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New Homeowners, Build Relationships With Local Tradespeople Before a Catastrophe Strikes

Regular maintenance and repairs are a big part of homeownership. Some tasks make great DIY projects, while others are less straightforward. 

Even with the best maintenance routines, you might have to make an insurance claim someday due to damage from a storm or other catastrophe. Reconstruction tasks can be complex and require specialized skills from various tradespeople, including:

  • Plumbers
  • Electricians
  • Landscapers
  • Roofers
  • Arborists
  • Carpenters
  • HVAC technicians
  • Painters
  • General contractors

As a new homeowner, you should get to know your local maintenance experts before you need their services. Building positive relationships with local tradespeople can save you time, money and stress when issues arise. You’ll also feel more confident about trusting the person’s opinion and work ethic since you already have a rapport.

You might already be familiar with the hassle of finding a trusted auto mechanic. Home maintenance can be even more complicated. Single-family homes and townhomes pose the most challenges, with many moving parts from sewer lines to windows to roofing. Often, the need for a tradesperson’s skill arises urgently and unexpectedly. Waiting for a crisis to seek a reliable professional might lead to hasty or limited choices.

Begin your research early

Make a list of potential maintenance needs for your house and browse the internet for companies in your area. Read their reviews. Schedule a maintenance call to see if they’re a good fit for your needs. 

For example, if you have many trees on your property, call a few professionals for quotes and schedule a trim. This will keep your trees in tip-top shape and help you establish a relationship. If a windstorm later takes out half your yard, you’ll have someone to call for cleanup. You can use the same technique for your HVAC system. Schedule a routine checkup and see if they’re right for you.

Seek recommendations

Word of mouth remains a reliable way of finding good professionals. Friends, family, colleagues and neighbors are a good place to start. Local hardware stores or your homeowners association may have a list of professionals they use and trust. Your real estate agent is also a good source for local repair and maintenance professionals.

Attend neighborhood events

Neighborhood events, chamber of commerce meetings or cooperatives provide an opportunity to meet with professionals. Stop by, introduce yourself and discuss your potential work needs. They’re looking to build their businesses so you might end up with a lifelong resource.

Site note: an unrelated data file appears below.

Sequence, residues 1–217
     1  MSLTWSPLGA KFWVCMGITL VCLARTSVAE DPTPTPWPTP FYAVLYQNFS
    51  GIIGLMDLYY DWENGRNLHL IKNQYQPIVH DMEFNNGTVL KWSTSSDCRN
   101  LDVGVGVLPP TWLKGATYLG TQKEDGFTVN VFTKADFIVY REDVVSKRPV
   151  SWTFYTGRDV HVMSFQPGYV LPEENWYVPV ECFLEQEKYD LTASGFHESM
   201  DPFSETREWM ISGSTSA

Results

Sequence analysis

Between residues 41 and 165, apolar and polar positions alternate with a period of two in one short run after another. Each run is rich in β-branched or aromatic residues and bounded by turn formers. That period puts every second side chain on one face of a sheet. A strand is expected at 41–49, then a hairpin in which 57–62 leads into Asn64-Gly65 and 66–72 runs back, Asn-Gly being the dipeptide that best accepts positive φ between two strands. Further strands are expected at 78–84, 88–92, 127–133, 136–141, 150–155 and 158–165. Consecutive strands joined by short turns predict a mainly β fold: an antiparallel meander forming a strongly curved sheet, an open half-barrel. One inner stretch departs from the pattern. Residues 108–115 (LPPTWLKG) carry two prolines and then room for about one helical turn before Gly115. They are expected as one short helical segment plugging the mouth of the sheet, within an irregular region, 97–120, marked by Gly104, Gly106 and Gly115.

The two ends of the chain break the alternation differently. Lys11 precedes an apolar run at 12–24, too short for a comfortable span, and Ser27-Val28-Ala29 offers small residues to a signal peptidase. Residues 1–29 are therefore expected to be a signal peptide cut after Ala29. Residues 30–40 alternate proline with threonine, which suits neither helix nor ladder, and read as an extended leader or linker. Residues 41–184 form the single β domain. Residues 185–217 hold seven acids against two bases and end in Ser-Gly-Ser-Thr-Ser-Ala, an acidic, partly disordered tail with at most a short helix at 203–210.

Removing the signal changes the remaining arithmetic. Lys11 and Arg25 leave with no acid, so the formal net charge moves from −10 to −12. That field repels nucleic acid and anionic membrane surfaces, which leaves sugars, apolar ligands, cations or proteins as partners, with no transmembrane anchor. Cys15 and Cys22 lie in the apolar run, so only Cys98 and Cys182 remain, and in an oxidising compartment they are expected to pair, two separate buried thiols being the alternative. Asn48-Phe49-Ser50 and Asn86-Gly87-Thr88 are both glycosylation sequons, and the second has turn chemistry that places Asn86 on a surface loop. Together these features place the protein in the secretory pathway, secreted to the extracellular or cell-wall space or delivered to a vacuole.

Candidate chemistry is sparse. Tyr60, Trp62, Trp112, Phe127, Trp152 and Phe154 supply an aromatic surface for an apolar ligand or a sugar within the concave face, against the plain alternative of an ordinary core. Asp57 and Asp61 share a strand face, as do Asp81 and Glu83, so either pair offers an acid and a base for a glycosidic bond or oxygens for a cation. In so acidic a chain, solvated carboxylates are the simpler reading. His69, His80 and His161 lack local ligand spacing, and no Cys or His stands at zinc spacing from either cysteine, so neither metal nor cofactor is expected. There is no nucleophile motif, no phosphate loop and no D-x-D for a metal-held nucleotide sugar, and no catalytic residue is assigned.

Make sure they’re licensed and insured

Licensing ensures tradespeople meet the required professional and ethical standards for their trade. Many belong to local unions or trade associations; a local chapter could be a source of information. Insurance coverage is crucial to protect you (and them) in case of accidents, injuries or property damage.

Workers’ compensation should be part of the tradesperson’s insurance coverage. It provides replacement income and pays for medical treatments if their workers are injured on the job. Make sure they have protection for all employees and subcontracted employees. You don’t want your contractor’s employee to sue you for an injury they sustained while working on your house. Request to see their license and certificate of insurance before engaging their services.

Consider bonds a bonus

You might see some advertisements with the slogan “licensed and bonded.” A “bonded” professional has purchased a surety bond, a type of insurance that acts as a financial guarantee. It’s a form of protection for the consumer against losses caused by the actions of the professional, including damage, fraud and default on contractual obligations.

If a bonded professional fails to perform their services as agreed, you can file a claim against the bond to receive compensation. Bonding is required in most commercial industries. Some residential companies have bonds as well. Make sure to verify the tradesperson’s license and insurance information.

Maintain the relationship

Once you’ve found tradespeople you can trust, nurture the relationship by providing them with consistent work, paying them promptly, and referring them to others. They can offer prevention tips and keep what you have in good working order, saving you unnecessary costs in the long run.

In case of emergency

If you’re faced with a catastrophe, you’ll know who to call. You might be competing with many people after a severe weather event, but knowing you have options and an established relationship can help make the recovery process smoother. You may need to alert your independent insurance agent about the damage also. They can help you decide on the best way to proceed.

By doing the work upfront to identify, vet and build relationships with your local tradespeople, you’ll be ready for any home maintenance and repair challenges that come your way.